Despite a multifaceted summer promotion launched last month for the caffeinated soft drink, volume fell 32% in grocery stores during the four weeks ended June 21, while Mountain Dew volume rose 15%, according to Information Resources Inc. data quoted in a report from investment banker Schroder & Co.
A Coca-Cola spokesman noted that grocery stores are not the key sales outlet for Surge.
CONVENIENCE STORE FOCUS
"It is not something we are overly concerned about because the brand continues to be a strong contributor to our overall business and in the channels where the target audiences are making their soft-drink decision," he said. "We continue to be pleased with Surge's performance."
The spokesman said convenience stores are Surge's main outlet.
NO TIME TO PANIC
"I don't think it's time to panic," said Gary Hemphill, VP-information services for consultancy Beverage Marketing Corp., although "I don't think it's a great sign given that we're in the beginning of the key summer selling season."
A Pepsi-Cola spokesman said Coca-Cola's assault on Mountain Dew has helped focus Pepsi bottlers on their own brand.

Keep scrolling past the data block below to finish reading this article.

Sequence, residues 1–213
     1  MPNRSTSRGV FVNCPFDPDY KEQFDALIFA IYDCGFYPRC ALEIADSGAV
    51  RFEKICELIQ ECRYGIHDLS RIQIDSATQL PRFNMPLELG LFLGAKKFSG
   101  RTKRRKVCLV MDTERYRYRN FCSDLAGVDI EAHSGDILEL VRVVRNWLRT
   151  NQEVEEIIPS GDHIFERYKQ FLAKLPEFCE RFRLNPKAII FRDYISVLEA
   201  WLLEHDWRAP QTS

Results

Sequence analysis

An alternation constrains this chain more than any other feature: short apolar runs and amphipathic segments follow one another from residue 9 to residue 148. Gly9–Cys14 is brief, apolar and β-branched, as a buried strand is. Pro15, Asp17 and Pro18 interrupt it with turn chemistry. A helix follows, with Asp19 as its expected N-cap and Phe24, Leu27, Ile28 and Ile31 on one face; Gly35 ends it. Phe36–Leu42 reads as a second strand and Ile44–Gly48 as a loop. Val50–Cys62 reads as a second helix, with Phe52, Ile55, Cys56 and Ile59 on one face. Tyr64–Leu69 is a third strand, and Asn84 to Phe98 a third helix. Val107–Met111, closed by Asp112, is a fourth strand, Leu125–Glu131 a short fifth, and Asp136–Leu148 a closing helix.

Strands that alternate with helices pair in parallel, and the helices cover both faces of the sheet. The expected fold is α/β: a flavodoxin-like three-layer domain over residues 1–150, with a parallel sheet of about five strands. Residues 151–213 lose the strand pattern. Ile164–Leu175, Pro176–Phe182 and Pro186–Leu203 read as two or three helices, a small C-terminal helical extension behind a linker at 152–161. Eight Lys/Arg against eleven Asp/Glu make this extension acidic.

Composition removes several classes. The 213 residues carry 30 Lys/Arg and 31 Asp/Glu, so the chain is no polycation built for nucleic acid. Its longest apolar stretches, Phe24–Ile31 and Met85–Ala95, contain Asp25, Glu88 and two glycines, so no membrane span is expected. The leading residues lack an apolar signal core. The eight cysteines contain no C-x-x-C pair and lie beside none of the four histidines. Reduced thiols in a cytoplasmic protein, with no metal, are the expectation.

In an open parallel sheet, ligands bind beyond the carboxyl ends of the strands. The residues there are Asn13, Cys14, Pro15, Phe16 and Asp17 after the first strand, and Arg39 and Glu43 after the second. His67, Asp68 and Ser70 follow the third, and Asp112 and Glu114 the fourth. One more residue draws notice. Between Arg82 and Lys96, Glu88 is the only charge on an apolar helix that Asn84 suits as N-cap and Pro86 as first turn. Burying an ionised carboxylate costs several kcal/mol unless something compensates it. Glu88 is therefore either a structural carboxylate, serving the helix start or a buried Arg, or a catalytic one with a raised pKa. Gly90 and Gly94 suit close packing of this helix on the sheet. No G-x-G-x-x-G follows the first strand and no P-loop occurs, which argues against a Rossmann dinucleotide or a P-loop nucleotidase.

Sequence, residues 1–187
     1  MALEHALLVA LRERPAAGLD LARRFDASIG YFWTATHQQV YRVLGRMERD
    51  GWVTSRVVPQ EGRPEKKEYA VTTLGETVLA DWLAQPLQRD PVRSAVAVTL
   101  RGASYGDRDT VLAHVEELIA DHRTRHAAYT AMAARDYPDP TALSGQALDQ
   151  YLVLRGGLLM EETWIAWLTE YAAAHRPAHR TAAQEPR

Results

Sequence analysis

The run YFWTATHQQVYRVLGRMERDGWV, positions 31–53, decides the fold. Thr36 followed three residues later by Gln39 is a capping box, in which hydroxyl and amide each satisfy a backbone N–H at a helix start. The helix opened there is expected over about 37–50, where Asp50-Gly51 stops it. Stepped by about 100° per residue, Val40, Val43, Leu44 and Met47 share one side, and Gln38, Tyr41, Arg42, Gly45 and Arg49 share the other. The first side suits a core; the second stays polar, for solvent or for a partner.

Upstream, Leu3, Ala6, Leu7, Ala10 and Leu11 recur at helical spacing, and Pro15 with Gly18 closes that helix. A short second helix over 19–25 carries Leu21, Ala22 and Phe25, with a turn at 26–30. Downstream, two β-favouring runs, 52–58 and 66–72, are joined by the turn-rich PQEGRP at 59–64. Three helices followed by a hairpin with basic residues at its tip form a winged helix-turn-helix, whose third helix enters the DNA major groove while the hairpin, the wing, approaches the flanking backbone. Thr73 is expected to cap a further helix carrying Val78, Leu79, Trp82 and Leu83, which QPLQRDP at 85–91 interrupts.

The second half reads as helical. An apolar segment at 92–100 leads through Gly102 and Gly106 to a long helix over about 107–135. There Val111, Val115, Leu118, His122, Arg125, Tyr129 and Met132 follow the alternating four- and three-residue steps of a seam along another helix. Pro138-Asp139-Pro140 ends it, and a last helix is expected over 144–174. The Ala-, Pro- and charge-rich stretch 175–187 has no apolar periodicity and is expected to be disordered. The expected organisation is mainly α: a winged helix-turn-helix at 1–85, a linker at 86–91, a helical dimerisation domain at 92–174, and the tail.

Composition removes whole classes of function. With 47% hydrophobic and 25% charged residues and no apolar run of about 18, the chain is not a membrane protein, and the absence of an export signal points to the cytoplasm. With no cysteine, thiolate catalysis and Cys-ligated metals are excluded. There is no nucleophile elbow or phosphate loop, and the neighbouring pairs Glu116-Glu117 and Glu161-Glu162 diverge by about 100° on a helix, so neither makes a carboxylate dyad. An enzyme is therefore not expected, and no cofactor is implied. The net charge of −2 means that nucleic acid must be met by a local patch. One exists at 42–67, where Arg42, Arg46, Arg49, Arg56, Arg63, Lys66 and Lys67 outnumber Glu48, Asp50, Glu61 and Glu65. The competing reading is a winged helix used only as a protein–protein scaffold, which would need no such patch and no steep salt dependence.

"If anything, Surge has psyched our bottlers up," he said.
Coca-Cola's second-quarter earnings statement last week did not include Surge in a list of non-cola brands-including Barq's, Powerade, Fruitopia and Nestea-that contributed to overall U.S. case volume growth of 8%.
The Schroder report said Surge volume decreased 8% in grocery stores for the four weeks ended April 26, and was down 26% for the four weeks ended May 24. Mountain Dew, the fastest-growing brand in the estimated $54 million carbonated soft-drink business, saw volume jump 19% and 15% for the same respective periods, the report said.
Surge, introduced in selected markets in January 1997, expanded to about 90% of the U.S. in January of this year.
`FEEL THE RUSH'
Leo Burnett USA, Chicago, is the agency for Surge, a bright green beverage marketed to 12-to-24-year-olds with edgy commercials carrying the theme, "Feed the rush."
A new promotion is slated for the end of this year or in early 1999.
Coca-Cola has spent $9.3 million on measured media for Surge through April this year, and spent $13.6 million last year, according to Competitive Media Reporting.